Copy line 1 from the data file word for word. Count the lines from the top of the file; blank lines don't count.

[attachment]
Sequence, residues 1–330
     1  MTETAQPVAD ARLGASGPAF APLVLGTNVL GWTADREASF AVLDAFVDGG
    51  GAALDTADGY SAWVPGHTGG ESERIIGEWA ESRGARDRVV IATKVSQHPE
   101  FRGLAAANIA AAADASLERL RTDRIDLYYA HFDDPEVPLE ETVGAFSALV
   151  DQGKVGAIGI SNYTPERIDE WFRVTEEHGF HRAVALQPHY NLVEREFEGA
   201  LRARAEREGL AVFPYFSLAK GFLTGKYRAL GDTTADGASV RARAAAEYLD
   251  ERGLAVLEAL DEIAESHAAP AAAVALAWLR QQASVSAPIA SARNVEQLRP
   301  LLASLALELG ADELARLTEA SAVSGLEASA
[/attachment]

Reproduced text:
Sequence, residues 1–330